The scale of Boris Johnson’s challenge to revive the UK economy was laid bare on Wednesday as house prices posted their first annual decline since 2012 and firms reported a record slump in sales.
The prime minister has unveiled part of his plan for boosting the UK’s recovery, reconfirming his commitment to long-term investment in some of the country’s most deprived regions. Still, the data suggest the more short-term stimulus will be needed after the damage wrought by the lockdown.
June house values dropped 0.1% from a year earlier to an average of 216,403 pounds ($267,000), according to
Nationwide Building Society.
“It is unsurprising that annual house price growth has stalled, given the magnitude of the shock to the economy as a result of the pandemic,” said Robert Gardner, Nationwide’s chief economist. “The medium-term outlook for the housing market remains highly uncertain.”
The housing market, which was all but shuttered for weeks thanks to the nation’s lockdown, is slowly reopening. Activity is far from normal, with many estate agents turning to virtual viewings, while actual sales in May were 50% lower than in 2019.
Companies are also suffering. Measures of sales, orders and cashflow in the nation’s dominant services sector have plunged by the most in the 31-year history of the British Chambers of Commerce’s quarterly survey. Sentiment in manufacturing industry slid to the weakest level since the financial crisis.
Factory output stopped falling last month, but the outlook for employment is a concern, according to the IHS Markit PMI survey.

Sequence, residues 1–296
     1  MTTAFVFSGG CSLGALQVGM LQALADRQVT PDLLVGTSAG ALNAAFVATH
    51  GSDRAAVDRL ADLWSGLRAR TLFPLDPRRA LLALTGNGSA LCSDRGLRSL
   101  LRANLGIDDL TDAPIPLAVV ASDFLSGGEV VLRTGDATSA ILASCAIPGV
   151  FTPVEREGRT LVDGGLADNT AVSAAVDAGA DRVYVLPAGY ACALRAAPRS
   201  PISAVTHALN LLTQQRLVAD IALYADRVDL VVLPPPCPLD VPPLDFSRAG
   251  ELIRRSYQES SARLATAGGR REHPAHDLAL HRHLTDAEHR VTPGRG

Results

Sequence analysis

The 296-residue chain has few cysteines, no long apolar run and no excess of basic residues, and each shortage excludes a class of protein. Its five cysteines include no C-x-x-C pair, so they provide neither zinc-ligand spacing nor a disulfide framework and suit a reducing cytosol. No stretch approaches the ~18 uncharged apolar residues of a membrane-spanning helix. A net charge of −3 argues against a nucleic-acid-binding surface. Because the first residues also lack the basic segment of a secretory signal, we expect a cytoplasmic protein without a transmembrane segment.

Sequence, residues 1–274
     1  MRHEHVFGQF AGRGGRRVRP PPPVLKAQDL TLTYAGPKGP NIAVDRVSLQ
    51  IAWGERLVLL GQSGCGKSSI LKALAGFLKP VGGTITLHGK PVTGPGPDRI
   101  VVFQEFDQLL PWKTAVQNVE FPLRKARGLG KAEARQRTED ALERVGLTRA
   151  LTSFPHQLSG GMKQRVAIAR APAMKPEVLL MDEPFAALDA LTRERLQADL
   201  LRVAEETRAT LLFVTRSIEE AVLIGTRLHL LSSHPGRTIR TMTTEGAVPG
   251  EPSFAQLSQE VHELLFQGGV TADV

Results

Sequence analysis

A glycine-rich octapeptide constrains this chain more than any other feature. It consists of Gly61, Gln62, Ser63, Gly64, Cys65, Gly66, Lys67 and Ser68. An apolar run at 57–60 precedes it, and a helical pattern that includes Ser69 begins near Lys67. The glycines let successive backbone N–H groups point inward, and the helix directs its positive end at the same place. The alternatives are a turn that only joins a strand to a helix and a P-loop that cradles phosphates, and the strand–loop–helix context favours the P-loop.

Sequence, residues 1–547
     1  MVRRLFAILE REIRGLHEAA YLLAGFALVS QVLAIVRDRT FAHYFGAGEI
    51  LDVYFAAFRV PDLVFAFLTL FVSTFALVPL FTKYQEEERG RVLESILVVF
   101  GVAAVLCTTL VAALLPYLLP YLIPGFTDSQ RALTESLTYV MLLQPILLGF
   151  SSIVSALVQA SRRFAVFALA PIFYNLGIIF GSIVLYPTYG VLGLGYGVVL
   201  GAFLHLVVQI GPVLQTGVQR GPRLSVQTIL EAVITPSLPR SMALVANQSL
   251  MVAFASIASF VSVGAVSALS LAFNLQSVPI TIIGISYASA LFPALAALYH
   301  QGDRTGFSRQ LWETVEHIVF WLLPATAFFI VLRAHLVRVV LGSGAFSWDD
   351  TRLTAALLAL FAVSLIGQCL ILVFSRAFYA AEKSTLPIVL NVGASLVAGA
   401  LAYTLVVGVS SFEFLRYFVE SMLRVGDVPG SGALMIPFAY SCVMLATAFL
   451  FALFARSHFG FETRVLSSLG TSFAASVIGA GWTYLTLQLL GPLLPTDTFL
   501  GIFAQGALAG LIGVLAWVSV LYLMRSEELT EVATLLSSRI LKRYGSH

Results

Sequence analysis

There’s also been a spate of bad news from companies. Airbus SE and EasyJet Plc are considering reducing UK staff, while a number of high street firms, such as suitmaker TM Lewin and SSP Group, which owns the Upper Crust sandwich chain, have also said the pandemic is putting jobs at risk.
“With lockdown restrictions steadily easing, the second quarter is likely to prove to be the low point for the UK economy,” said Suren Thiru, head of economics at the BCC. “However, the collapse in forward looking indicators of activity suggests that unless action is taken, the prospect of a swift and sustained recovery may prove too optimistic.”
While Bank of England Chief Economist Andy Haldane said the recovery may be stronger than predicted, others are less optimistic, with the majority of the 7,706 companies surveyed by the BCC saying they expect turnover to worsen over the next year, with the proportion planning to invest in machinery or staff training slumping.
Rising unemployment and the increasing unwillingness of lenders to take on risk mean that prospects are unlikely to improve dramatically. Two-thirds of firms reported a worsening cash position, which could hamper activity and staff retention, the BCC said.